The David McCallum Story
Part 1
He's a sort of super-Bond with a shrunken Beatles cut and a waifish face that is subtly sexy. And when his face looms up on the TV screen every week, the camera keeps it in close-up because it's a face that millions of girls put into their favourite dreams.

As a Man From U.N.C.L.E., David McCallum plays Illya Kuryakin with a Russian accent and a touch of the mystic. Illya plunges from one outrageously improbable situation to the next without giving anything of himself away. He is classless, stateless, aloof and alone. American girls want to adopt him, to mother him, to give him roots.

But David McCallum, I am happy to say, is one of ours. And although he's now settled in Hollywood, his roots are in Britain.

He was born in Glasgow on 19 September 1933, with the shadow of a famous father hanging over him and the sound of music in his ears. His father, now the singingest string in the Mantovani orchestra, was a future leader of the London Philharmonic, so there was already one David McCallum to be reckoned with. The mother was a cellist. David's parents met back in the days of the silent films, when they both played Hearts And Flowers in the orchestra pit of the local cinema, and laughed at the comic genius of Charlie Chaplin. They couldn't have foreseen that one day the screen would be alive with sound, and that their David would be making some of it.

Like his brother, Iain, who was four years older and wiser, David went to Gartocharn Council School, Dunbartonshire, and Stirling High School, where his teachers found him a thoughtful, quiet child.

"David was a lovable, normal boy," says his mother. "He was quite bright at school, and because he was born into a home full of love he had a happy childhood. I don't think he was quite as studious as Iain. I used to think of Iain as The Tortoise and David as The Hare. Iain plodded at his studies. David used to get results, often I think more by instinct. But I was quite sure that both of them, in different ways, would be successful."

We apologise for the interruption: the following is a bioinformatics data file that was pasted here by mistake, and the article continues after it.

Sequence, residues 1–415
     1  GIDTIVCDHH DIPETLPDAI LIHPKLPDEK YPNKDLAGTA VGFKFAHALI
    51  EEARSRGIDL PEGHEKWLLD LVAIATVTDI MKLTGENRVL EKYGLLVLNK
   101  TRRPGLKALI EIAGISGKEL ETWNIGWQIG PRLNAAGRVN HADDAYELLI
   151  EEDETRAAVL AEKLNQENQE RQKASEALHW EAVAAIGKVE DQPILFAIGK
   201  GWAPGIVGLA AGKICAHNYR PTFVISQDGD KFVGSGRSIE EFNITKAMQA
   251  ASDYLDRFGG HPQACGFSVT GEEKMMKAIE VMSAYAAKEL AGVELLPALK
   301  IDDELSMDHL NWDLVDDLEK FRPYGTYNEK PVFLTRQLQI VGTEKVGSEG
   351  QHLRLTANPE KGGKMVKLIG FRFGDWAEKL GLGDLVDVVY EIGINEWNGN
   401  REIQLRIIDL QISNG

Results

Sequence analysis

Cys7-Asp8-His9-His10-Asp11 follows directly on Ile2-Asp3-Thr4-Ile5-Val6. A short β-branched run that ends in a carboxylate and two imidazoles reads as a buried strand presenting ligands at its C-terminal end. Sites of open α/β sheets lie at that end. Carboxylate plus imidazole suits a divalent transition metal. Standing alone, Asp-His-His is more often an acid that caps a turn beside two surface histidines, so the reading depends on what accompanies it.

Iain is now a controller of the British Council in Berlin. David, it seemed, would be a musician.

When David was ten, his father's career took the family to London and they settled in Hampstead, amid the sound and fury of the Second World War. Next door on one side lived a lady who played in string quartets with Mrs McCallum by day, and shared the same air raid shelter by night. She still remembers the little boy who played cowboys and Indians while enemy planes droned overhead.

The McCallum's other next door neighbour was Mrs Chapman, who remembers David as "a very charming, very clever little boy...very proud of the fact that he was going to be a musician." He was, she thought, destined to become a great oboe virtuoso. But Mrs Chapman reckoned without the influence of her son John.

John was seven years older than David, and madly keen on amateur dramatics. It didn't surprise his parents when he turned to writing for the stage and became known as the writer of the Whitehall farces. He recalls that David was very quiet and observant ...

"He had a very slow way of looking at you. A good-looking kid. I think I probably introduced him to acting, because I was very interested in the theatre, and he suddenly decided one day that he wanted to be an actor."

David appeared with John in an amateur production of 'Tobias and The Angel'. At Childshill School and later at the University College School in Hampstead his passion for acting gave his headmasters headaches. They thought his studies would go by the board with all this going on. His parents allowed him to appear in school productions of 'Hamlet' and 'The Tempest' but there all encouragement ended The curious thing was that David was much more interested in painting scenery and organising props. A precious end-of-term holiday was spent as assistant stage manager with a repertory company at Frinton-on-Sea, Essex.